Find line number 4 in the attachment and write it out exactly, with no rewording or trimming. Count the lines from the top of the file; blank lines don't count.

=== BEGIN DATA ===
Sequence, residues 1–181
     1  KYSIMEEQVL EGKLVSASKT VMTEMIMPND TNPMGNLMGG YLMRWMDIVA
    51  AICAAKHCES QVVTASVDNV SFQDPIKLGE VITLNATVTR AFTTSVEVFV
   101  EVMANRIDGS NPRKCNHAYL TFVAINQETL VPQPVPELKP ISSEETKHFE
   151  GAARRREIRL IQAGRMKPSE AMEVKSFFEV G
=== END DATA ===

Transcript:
   101  EVMANRIDGS NPRKCNHAYL TFVAINQETL VPQPVPELKP ISSEETKHFE